Relations among the top three Iraqi leaders — Prime Minister Haider al-Abadi, President Fouad Massoum and parliament Speaker Salim al-Jabouri — are thus far on the right path, with the tense atmosphere that plagued such relations over the past years having given way to friendlier interactions and a desire for cooperation and integration. This cooperation, however, should not be limited to fodder for the media. It should be integrated into the working context and turned into mechanisms that will allow these authorities to guide the country past the danger currently threatening it.
It is clear that cooperation between Abadi and Jabouri was positive early on and contributed to completing the formation of a government with the selection of ministers of defense and interior. Notably, neither man tried to blame the other for the delay for weeks in the selection of these last two ministers. This set the stage for filling their positions, which had be left vacant throughout the second term of former Prime Minister Nouri al-Maliki.
This important step could not have been achieved in the absence of an atmosphere of cooperation, which has prevailed since Abadi was tasked with forming a government. Abadi has even been asked to address the parliament on the security situation, and the prime minister has asked parliamentarians to open a discussion about developments on the ground, a request not made in previous legislative sessions.
The attitudes and statements of the top leaders reinforce the spirit of coordination between Abadi and Jabouri on the one hand and with Massoum on the other. The latter’s statements appear to be consistent with the general framework of the government, which differs from the previous situation, when the views of the president often seemed conflicting or divergent from the government's position on key issues.
The prime minister, president and speaker represent Iraq's three main societal components — the Sunnis, Shiites and Kurds. The performance of these three leaders can greatly influence relations between and among the components. Disagreements at the level of their governing positions could turn into conflict among their communities, which would be an extremely troubling development, as in the past this has negatively affected the overall situation in Iraq.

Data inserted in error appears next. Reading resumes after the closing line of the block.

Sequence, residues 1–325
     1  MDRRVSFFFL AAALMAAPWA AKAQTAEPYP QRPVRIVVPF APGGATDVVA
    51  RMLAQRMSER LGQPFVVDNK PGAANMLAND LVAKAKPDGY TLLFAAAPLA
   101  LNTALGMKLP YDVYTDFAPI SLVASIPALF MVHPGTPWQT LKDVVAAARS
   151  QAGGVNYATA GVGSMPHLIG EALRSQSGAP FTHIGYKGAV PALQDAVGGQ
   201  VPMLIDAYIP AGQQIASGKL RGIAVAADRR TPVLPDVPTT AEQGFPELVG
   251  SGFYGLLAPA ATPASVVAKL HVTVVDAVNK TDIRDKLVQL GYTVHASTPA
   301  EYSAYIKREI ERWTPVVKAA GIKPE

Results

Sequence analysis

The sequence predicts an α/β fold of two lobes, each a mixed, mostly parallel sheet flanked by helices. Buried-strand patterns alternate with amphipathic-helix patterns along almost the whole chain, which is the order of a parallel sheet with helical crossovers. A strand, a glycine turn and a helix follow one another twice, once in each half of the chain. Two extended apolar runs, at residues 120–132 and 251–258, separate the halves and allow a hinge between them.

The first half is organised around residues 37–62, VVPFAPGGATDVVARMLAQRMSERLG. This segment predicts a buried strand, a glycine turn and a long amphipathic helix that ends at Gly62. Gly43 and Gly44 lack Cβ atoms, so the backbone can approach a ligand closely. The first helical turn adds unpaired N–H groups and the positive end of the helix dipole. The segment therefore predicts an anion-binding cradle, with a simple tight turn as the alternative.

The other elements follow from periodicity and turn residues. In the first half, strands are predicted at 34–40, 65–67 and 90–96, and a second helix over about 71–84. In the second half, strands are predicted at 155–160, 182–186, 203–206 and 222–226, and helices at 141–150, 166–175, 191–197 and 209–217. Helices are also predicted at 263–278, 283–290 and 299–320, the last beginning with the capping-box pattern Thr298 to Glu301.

The current harmony relies to some extent on the efforts made by the leaders themselves, each presenting a conciliatory personality. In catering to domestic and international political and security pressures, they have all voiced the need for Iraq to be united in the fight against the Islamic State. This atmosphere needs to be used as the basis for Iraq's future and in that capacity turned into an ongoing, unified work project.
To preserve cooperation among the top three officeholders, their powers should be better delineated. According to the Iraqi Constitution and legal interpretations, there is overlap in the powers of their offices, but these should be clarified and codified by law to achieve long-term stability in terms of cooperation at the top of the leadership.
In accordance with Article 66, executive power rests with the presidency and the parliament, but the constitution does not specify the powers and responsibilities of each office. In addition, the parliament has suffered in the past years from misinterpretation of Article 60, where the prerogatives of the parliament and the government concerning the enactment of laws overlap. Article 103, on the supervision of the independent institutions and bodies, has also been problematic, creating constant conflict between the government and parliament.
The current healthy climate among Iraqi authorities must be quickly exploited to try to resolve the problems at the intersection of these powers and mechanisms. Events in Iraq have always allowed for the outbreak of major disputes, but without the possibility of relying on the leadership's qualities to maintain social peace and forge a long-term political consensus.
The government abstaining from responding to parliamentary authority has been controversial in past years and was coupled with problems between the government and parliament at the intersection of mechanisms for promulgating laws. This related to the essence of the legislative authority, which is based on two pillars: passage of laws and control over the government's actions. New mechanisms are needed that allow parliament to smoothly carry out these two tasks without clashing with the powers of the government and without straining relations between the two branches.
Reaching an understanding about these mechanisms is not impossible today, with everyone finally aware of the value of cooperation and the disastrous results caused by an atmosphere of conflict and partisan and personal bickering. The Abadi government should insist on submitting such mechanisms to parliamentary inquiry and control, and the parliament ought to secure more control of politics. Meanwhile, the two sides should reach an understanding on how to pass laws without delay and without the government’s bureaucracy obstructing implementation of fundamental laws. They must find a way to prevent internal parliamentary conflicts from blocking the actual passage of laws. This is the only way to put Iraq on the right path to the future.